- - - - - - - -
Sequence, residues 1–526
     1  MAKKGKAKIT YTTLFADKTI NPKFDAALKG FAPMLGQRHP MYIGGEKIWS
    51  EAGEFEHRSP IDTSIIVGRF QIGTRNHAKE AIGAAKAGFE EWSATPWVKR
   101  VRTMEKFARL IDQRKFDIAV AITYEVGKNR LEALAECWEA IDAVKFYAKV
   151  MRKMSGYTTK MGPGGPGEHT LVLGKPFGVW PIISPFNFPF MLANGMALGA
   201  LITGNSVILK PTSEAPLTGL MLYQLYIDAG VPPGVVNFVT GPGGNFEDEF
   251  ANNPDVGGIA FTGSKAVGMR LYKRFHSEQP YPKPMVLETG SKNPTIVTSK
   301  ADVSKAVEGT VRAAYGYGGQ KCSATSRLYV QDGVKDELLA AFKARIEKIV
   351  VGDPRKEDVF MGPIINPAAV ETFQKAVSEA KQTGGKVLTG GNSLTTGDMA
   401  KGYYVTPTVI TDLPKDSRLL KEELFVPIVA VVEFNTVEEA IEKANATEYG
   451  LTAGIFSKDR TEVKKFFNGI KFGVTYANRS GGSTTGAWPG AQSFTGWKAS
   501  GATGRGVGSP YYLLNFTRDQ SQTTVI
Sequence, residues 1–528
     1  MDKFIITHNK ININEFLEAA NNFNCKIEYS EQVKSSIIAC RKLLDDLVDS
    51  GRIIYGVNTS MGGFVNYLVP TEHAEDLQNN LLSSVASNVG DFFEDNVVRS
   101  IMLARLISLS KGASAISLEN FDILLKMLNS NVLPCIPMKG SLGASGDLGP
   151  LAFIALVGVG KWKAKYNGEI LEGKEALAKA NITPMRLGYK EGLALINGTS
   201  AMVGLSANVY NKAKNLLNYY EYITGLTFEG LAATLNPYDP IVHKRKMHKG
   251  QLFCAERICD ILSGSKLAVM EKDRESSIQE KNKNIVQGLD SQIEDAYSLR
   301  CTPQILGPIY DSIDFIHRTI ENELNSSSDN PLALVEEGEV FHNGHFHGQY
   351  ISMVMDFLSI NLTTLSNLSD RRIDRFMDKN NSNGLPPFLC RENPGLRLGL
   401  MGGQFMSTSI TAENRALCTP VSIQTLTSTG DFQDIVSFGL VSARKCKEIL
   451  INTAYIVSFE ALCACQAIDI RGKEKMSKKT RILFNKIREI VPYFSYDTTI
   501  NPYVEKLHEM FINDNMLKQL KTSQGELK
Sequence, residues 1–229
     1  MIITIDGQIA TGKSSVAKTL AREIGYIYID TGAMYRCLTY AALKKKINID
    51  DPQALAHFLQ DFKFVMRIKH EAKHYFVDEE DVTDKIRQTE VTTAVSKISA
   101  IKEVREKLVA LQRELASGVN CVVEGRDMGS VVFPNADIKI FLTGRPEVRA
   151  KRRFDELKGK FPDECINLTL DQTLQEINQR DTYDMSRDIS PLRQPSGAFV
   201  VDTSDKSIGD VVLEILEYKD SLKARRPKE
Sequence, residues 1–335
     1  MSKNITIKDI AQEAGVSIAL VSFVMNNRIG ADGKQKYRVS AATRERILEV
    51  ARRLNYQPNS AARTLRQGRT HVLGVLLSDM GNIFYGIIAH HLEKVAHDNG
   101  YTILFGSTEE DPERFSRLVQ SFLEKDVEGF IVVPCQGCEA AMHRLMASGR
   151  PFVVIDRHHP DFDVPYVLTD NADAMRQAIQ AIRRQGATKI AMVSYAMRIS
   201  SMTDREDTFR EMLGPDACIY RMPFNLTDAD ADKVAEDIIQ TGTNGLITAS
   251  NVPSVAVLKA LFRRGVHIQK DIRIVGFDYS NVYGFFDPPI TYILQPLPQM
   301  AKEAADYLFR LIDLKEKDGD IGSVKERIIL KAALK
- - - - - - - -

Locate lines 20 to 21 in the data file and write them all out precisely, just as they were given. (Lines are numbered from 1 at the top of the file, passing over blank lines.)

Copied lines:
   301  CTPQILGPIY DSIDFIHRTI ENELNSSSDN PLALVEEGEV FHNGHFHGQY
   351  ISMVMDFLSI NLTTLSNLSD RRIDRFMDKN NSNGLPPFLC RENPGLRLGL